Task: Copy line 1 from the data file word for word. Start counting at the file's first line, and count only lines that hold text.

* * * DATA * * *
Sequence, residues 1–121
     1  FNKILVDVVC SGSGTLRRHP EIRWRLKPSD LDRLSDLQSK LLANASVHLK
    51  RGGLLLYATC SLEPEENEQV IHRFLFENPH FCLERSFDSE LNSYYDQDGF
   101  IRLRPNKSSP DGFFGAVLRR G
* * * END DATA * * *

Sequence, residues 1–121